However, if the tie-up is going to deliver, P&G will have to do more than cut overheads and boost distribution in China, according to brand experts.
It’s a cliché, said Nick Liddell, director of brand valuation at Interbrand, but P&G also needs to prove the new business is worth more than the sum of its parts. “Look at the co-branding opportunities Gillette has already missed - such as the M3Power.”
“It was powered by Duracell, but it didn’t make a big thing of this on the packaging. There must be opportunities for P&G to boost men’s toiletries using its expertise with women.”
As for innovation, both brands have an impressive track record, with P&G particularly successful with gadgets such as Febreze electric air fresheners and electronic make-up applicators in the US this year.
The Gillette M3Power launch was also a hit in the US, although legal wrangling with rival Wilkinson Sword has thwarted progress elsewhere.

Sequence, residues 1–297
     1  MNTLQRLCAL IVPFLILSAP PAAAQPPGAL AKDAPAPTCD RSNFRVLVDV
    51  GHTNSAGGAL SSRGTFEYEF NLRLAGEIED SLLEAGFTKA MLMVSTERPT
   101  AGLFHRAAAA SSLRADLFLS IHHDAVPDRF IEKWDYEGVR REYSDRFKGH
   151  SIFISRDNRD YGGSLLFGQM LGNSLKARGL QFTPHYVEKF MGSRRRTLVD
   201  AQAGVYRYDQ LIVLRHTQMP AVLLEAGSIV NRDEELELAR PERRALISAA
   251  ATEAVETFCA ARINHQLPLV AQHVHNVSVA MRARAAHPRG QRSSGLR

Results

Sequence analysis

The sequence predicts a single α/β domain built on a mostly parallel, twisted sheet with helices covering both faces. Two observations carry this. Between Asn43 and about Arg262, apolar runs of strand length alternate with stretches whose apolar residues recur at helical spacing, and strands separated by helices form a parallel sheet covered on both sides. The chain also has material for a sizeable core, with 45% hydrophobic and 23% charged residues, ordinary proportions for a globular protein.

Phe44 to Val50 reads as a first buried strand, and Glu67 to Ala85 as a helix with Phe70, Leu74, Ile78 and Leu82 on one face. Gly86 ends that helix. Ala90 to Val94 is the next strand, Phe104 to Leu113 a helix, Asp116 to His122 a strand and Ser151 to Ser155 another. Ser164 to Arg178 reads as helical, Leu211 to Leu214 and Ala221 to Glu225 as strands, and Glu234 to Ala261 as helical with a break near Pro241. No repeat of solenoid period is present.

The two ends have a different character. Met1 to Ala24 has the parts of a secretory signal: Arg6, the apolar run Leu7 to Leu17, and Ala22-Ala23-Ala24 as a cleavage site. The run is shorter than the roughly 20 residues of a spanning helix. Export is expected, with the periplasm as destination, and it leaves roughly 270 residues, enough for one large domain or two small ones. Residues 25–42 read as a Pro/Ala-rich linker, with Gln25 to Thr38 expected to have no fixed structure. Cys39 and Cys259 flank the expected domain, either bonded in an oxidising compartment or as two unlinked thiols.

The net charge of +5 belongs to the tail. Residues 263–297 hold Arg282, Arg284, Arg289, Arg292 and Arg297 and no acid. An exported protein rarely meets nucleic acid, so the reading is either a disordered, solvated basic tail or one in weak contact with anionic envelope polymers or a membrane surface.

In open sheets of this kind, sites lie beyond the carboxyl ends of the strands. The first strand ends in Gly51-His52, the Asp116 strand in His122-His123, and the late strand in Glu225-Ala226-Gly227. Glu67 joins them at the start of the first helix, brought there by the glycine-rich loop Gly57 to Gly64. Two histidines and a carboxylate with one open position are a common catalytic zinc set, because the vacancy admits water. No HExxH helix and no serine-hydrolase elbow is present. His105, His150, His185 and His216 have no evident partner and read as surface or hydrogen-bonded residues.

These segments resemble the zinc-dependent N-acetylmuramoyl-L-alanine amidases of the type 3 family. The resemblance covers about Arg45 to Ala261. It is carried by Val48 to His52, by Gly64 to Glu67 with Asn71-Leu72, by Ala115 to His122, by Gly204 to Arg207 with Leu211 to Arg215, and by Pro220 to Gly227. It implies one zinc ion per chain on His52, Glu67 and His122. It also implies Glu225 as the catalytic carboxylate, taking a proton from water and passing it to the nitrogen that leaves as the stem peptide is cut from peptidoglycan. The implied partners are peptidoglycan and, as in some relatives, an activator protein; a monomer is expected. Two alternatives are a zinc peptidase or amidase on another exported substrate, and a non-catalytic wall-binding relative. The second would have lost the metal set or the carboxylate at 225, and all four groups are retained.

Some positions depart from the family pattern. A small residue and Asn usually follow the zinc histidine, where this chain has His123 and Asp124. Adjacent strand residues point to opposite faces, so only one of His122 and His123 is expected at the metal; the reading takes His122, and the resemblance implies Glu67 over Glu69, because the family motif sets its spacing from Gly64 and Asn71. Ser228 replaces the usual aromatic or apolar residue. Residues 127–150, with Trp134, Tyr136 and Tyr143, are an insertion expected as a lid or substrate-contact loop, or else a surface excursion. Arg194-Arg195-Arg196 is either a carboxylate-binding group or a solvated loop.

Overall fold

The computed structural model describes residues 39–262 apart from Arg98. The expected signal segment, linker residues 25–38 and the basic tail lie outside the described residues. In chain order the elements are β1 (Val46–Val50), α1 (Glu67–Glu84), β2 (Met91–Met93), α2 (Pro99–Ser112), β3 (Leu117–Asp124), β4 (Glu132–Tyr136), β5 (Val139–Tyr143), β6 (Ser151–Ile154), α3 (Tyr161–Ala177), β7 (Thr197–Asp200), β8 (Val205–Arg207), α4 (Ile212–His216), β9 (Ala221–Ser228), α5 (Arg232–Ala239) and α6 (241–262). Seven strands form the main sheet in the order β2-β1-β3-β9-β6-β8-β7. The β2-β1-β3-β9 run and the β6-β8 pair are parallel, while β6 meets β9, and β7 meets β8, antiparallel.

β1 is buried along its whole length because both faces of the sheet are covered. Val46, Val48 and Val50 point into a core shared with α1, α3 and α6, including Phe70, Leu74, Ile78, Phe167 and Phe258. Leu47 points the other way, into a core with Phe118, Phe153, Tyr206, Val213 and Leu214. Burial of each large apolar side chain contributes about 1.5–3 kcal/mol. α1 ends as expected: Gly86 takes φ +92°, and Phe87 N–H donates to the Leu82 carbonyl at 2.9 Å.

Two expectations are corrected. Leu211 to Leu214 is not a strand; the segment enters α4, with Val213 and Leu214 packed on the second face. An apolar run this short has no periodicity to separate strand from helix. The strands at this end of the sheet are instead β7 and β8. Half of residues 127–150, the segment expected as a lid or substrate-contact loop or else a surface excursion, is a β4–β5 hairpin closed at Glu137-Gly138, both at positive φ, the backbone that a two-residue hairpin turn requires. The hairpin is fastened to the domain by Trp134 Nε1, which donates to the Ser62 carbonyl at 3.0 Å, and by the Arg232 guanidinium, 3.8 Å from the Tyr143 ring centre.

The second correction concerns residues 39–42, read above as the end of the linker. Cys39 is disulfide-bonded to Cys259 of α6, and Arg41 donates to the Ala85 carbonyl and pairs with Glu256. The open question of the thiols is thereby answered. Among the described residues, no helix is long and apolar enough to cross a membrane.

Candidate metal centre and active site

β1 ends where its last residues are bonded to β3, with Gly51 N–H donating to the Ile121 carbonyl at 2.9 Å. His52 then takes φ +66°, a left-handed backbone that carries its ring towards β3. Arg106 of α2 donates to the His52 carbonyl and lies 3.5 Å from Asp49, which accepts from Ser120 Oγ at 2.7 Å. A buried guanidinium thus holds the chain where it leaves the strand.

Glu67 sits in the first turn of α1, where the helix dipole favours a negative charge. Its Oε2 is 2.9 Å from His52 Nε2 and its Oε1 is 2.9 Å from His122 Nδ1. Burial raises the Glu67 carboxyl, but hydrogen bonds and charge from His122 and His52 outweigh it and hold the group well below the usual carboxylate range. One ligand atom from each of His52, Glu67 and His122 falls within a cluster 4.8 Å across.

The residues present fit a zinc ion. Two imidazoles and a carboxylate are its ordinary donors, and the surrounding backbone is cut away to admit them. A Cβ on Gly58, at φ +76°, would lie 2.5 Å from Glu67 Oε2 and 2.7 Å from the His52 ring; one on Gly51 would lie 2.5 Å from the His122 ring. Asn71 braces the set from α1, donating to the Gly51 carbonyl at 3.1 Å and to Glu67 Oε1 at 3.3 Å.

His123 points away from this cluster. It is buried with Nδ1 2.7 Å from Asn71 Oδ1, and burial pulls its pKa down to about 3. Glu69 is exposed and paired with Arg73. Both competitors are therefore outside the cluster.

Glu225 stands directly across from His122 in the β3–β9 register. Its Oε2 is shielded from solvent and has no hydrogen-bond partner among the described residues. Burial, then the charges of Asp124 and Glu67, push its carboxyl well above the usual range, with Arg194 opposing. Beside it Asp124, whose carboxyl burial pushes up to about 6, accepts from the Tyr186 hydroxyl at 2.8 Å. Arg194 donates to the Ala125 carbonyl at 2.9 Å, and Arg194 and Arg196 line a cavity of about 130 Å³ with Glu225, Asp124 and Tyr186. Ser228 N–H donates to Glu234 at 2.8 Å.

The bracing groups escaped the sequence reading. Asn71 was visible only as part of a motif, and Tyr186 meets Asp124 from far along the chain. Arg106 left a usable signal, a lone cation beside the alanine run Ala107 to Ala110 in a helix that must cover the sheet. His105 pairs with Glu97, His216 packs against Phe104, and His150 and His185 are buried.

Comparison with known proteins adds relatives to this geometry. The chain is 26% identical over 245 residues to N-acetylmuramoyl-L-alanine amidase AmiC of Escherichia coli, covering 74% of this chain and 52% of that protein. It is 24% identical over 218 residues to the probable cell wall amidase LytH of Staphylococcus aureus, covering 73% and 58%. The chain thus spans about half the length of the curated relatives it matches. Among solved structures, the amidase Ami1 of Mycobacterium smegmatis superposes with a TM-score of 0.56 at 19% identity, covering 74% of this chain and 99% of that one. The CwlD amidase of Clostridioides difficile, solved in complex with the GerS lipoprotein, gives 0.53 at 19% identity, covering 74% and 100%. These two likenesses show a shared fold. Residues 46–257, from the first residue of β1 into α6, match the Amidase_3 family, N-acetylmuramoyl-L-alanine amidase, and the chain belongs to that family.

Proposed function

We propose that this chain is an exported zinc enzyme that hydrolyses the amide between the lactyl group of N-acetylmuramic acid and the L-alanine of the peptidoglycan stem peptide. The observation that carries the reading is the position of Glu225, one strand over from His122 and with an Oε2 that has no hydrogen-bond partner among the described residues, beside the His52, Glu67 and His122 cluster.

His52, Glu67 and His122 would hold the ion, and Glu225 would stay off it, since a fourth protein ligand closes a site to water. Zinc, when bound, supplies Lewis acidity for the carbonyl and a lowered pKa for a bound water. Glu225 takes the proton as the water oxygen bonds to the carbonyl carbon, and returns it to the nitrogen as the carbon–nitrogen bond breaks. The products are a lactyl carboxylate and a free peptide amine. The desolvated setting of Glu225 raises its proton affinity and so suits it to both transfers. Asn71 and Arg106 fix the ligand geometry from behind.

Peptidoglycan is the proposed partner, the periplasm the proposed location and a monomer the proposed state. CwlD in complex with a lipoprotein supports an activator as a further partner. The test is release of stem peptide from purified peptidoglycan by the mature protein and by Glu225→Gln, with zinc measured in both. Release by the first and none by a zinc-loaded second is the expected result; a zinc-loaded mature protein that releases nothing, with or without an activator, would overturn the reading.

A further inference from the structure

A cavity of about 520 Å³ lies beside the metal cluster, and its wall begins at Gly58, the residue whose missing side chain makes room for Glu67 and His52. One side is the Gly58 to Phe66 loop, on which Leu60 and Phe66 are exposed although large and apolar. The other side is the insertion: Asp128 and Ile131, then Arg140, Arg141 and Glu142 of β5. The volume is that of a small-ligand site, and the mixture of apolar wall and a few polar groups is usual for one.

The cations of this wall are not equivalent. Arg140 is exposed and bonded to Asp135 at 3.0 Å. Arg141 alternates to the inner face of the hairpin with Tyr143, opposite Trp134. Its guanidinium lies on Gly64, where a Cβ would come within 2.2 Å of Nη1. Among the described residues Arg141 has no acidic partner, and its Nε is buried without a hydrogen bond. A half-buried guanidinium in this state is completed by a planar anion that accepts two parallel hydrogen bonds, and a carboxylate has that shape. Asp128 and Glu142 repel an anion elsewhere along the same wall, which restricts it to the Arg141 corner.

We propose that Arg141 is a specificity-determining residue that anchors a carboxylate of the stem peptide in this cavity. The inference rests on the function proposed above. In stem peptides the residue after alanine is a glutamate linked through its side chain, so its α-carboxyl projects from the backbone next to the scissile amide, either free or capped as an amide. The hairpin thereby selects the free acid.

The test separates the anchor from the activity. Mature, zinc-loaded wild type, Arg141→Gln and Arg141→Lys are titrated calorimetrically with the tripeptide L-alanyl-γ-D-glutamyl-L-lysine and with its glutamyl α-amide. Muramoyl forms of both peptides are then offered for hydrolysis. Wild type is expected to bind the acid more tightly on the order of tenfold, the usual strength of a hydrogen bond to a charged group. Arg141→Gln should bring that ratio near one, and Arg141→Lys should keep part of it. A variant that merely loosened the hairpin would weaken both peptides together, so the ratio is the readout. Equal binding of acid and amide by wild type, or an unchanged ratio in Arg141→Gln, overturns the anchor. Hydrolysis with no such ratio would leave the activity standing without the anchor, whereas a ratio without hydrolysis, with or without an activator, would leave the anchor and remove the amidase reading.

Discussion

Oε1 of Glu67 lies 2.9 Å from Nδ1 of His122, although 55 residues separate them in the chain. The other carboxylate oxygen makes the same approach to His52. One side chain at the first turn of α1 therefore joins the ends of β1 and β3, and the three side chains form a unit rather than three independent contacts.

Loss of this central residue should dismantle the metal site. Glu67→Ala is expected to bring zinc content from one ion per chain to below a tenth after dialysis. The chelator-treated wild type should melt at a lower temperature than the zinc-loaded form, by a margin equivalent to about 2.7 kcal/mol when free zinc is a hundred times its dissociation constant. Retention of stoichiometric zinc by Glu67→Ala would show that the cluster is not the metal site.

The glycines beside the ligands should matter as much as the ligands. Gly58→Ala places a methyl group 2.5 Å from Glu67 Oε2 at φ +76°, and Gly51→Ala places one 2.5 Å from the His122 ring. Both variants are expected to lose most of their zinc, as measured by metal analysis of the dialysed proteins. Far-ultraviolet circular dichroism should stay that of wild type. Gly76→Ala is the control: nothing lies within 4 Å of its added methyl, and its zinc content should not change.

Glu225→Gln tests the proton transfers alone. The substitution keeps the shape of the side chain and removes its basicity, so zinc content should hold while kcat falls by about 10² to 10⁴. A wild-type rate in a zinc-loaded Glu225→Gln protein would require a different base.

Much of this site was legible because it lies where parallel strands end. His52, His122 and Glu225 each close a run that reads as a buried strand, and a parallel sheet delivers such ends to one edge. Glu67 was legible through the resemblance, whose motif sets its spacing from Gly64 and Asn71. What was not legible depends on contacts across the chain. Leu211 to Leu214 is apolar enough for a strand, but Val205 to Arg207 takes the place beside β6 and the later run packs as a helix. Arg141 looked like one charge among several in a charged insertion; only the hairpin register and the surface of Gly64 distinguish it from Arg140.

But most developments have been brand extensions such as variants of Pantene, said one buyer. “Companies such as Unilever and P&G are concentrating on brands with global potential. Unless there is a genuinely new category, they are not going to create a completely new brand if it’s just going to do a few million.”
The good news for P&G is that most of the key categories in which it operates are showing good growth in the UK, according to TNS Superpanel data for the year to January 2005, with razors and blades up 9%, haircare up 3%, skincare up 10% and batteries up 5%.